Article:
Ask Geoffrey: Earl ‘Madman’ Muntz’s Crazy Chicago Story

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Did a used-car salesman design and build his sleek and sporty luxury car right here in Chicago? Why is there an elephant monument in Woodlawn Cemetery? And what's with symbols on the buildings on Pershing Avenue? Geoffrey Baer tackles viewer questions in this week's edition.

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Recently I saw a cool car made by Muntz in the 1950s. Supposedly they were made in Chicago or Evanston. Can you tell me more?

–Ona Kozar, Beverly

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Around 350 luxurious four-seat Muntz Jets were manufactured in an Evanston factory from 1950 to 1952 by aspiring automaker Earl “Madman” Muntz.

The Jet was based on a two-seater sports car by race-car designer Frank Kurtis. Muntz purchased the design and made it more market-friendly by adding a backseat and a liquor bar.

The first 40 or so Jets were made in Glendale, California, with an aluminum body and a 160-horsepower Cadillac V-8 engine. Muntz soon moved production to an industrial area of Evanston and switched the body to steel and the engine to a Lincoln V-8. Production moved to an industrial part of Chicago’s Lakeview neighborhood by 1952.

According to Muntz, the Jet cost $6,500 to build, but he sold them for $5,500 because they wouldn’t sell at the higher price. But eventually, the math caught up with him – in four years he lost $400,000 on the project and gave up the auto-making business.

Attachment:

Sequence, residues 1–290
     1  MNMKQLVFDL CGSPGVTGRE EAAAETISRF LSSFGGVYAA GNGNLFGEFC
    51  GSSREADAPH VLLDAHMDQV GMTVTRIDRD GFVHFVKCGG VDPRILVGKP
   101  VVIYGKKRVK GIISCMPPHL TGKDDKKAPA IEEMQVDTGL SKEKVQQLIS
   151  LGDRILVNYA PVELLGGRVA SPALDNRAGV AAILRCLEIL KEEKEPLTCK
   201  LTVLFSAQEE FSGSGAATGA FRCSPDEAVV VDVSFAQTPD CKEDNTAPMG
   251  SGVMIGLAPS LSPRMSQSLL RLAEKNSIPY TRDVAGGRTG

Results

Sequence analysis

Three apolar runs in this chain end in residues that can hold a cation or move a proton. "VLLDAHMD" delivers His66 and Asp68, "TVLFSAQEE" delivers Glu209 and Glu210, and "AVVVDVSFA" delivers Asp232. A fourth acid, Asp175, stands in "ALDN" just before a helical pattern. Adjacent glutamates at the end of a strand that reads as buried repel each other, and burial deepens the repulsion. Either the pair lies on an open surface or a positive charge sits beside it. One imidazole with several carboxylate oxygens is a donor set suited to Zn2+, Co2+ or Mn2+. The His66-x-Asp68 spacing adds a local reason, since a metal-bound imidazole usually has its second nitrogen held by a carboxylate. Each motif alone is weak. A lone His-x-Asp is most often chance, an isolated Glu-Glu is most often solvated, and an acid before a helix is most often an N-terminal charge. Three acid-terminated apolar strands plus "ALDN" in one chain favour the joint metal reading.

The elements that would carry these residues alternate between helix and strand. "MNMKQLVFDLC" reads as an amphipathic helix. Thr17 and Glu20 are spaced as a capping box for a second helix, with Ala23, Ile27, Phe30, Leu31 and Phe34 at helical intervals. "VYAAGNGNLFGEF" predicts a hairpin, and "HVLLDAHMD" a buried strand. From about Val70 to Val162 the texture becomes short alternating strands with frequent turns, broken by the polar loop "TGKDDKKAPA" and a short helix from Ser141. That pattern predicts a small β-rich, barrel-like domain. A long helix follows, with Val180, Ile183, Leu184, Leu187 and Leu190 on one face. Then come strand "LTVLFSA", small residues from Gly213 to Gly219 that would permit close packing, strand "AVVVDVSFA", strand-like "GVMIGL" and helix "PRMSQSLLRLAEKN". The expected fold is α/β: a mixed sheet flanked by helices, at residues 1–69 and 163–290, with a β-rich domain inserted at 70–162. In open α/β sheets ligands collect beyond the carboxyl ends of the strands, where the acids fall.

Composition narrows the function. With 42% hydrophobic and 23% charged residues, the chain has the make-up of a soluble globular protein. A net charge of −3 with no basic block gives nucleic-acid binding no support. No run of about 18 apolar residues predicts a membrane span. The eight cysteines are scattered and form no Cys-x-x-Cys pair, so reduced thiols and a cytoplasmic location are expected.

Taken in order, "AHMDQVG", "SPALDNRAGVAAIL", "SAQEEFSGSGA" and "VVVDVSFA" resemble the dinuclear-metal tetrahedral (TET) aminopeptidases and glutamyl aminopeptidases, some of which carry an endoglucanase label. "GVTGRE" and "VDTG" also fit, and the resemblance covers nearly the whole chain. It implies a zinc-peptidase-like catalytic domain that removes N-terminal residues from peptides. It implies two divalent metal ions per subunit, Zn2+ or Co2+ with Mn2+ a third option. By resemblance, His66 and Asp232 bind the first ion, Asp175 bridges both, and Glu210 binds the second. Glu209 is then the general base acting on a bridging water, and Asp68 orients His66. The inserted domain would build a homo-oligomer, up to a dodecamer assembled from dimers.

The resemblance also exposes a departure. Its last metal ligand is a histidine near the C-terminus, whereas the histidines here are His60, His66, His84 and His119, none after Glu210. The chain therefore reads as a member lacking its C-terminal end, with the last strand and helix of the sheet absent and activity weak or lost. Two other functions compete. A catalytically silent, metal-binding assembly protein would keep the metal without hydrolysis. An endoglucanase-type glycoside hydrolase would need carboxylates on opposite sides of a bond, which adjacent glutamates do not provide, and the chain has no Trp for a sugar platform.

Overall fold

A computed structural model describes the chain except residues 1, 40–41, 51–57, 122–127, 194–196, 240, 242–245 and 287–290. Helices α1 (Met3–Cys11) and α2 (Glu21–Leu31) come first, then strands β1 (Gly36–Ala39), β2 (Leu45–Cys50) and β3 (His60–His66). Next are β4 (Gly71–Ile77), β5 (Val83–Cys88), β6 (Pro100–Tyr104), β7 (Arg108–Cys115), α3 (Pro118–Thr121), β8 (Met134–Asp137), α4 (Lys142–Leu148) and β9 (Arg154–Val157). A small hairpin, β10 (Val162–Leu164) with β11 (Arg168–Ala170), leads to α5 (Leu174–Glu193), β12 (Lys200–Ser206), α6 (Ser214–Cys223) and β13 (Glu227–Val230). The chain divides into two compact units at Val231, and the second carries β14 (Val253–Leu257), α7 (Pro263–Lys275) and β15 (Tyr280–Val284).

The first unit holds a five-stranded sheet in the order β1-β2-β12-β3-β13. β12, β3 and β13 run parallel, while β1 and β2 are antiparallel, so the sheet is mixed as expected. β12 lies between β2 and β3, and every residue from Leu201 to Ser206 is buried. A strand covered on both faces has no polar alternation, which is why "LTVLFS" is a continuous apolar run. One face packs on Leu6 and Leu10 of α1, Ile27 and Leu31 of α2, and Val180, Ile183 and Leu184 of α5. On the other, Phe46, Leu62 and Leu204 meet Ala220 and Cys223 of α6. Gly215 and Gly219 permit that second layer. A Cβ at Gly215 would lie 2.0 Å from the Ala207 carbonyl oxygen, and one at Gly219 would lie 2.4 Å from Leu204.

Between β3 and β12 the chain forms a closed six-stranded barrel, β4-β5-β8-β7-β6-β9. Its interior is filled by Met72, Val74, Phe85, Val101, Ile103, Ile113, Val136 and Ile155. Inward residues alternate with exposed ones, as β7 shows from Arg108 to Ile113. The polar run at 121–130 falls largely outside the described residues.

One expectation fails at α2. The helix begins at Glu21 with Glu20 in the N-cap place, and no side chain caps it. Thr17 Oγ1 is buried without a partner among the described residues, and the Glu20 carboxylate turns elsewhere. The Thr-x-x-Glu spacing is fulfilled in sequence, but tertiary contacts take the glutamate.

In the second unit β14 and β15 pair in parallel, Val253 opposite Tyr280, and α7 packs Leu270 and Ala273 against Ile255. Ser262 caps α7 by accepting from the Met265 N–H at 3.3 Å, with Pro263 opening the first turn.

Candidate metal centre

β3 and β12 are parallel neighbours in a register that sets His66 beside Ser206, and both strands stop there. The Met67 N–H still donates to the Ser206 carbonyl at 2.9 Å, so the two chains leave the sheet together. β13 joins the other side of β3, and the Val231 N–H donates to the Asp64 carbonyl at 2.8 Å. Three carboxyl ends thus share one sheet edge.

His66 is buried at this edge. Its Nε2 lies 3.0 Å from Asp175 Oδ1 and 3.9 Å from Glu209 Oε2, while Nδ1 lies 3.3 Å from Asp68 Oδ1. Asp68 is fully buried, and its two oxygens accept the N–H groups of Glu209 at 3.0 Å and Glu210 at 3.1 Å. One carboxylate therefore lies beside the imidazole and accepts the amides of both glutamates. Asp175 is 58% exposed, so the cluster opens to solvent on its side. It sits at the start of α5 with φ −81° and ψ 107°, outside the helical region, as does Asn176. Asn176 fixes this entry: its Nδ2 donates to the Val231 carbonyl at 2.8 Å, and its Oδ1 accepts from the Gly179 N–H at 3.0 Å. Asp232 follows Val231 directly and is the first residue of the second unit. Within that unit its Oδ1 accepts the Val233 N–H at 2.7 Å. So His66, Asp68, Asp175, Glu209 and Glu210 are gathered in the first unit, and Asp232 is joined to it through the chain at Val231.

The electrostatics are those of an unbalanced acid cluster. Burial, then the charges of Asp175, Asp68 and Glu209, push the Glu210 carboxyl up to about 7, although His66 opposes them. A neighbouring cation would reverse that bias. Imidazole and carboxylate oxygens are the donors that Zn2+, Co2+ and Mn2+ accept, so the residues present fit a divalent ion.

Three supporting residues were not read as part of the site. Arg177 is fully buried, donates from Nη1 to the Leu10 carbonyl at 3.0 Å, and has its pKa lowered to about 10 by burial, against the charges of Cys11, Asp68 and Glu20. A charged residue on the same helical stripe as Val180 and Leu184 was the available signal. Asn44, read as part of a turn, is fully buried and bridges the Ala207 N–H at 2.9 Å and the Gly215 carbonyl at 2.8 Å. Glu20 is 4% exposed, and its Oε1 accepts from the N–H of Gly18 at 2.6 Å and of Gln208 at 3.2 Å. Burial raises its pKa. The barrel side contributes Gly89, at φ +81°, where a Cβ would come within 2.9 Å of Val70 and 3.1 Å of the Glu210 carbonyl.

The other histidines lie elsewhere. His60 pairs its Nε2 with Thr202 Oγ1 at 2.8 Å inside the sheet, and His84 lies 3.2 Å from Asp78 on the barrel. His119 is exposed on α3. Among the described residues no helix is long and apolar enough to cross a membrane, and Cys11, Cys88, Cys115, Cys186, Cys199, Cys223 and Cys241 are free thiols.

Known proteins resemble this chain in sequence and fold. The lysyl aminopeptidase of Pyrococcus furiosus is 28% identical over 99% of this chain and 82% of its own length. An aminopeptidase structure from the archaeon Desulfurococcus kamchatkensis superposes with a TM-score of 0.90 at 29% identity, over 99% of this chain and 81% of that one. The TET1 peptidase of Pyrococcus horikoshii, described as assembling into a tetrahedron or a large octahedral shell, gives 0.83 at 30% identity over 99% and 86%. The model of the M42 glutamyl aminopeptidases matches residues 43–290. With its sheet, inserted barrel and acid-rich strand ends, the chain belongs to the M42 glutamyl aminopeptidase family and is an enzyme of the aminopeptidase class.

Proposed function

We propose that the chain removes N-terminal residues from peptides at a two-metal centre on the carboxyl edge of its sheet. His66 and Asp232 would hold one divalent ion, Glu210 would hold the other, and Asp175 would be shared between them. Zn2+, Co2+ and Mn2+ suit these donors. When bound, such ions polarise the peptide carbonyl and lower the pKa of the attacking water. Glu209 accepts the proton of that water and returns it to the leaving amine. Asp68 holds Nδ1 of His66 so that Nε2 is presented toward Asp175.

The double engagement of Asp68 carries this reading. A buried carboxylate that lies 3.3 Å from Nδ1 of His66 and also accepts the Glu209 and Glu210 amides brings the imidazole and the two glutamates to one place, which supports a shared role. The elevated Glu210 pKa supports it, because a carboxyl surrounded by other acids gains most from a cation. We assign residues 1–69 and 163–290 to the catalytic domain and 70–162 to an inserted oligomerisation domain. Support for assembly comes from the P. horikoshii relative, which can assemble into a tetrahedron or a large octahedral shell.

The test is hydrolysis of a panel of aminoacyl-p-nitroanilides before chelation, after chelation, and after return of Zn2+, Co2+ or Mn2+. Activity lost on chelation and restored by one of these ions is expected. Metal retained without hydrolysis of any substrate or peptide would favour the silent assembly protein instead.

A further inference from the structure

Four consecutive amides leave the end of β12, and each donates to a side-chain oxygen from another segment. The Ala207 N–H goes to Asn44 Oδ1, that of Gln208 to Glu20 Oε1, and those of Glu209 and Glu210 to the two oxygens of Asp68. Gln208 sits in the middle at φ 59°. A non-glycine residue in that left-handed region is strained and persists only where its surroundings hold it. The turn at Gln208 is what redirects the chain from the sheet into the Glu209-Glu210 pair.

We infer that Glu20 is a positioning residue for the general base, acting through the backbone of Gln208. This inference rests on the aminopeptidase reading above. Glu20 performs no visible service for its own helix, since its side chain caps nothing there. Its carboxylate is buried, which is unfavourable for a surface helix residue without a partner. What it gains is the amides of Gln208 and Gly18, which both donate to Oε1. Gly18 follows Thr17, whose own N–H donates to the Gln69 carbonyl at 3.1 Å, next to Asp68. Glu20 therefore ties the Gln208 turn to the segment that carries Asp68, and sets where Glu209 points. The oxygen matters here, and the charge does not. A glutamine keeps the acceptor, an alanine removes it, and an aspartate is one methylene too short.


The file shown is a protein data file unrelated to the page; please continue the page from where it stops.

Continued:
Earl Muntz was a high school dropout from Elgin who started a used car business at the age of 20. He opened a dealership in Glendale in the 1940s and became famous thanks to a zany advertising campaign in which was pictured as a cartoon character in red long johns and a tri-cornered hat to bolster his “crazy” persona.

In the 1950s, he began a second business manufacturing budget-priced stripped-down black-and-white televisions. (The practice of simplifying complicated electronics is known in some circles as “Muntzing” as a result.)

Below, watch a Muntz TV commercial from 1952.

According to a few sources, including his one-time girlfriend Phyllis Diller, Muntz actually coined the term “TV.” He even named his daughter Tee Vee! But, his TV business collapsed once color TV became the standard.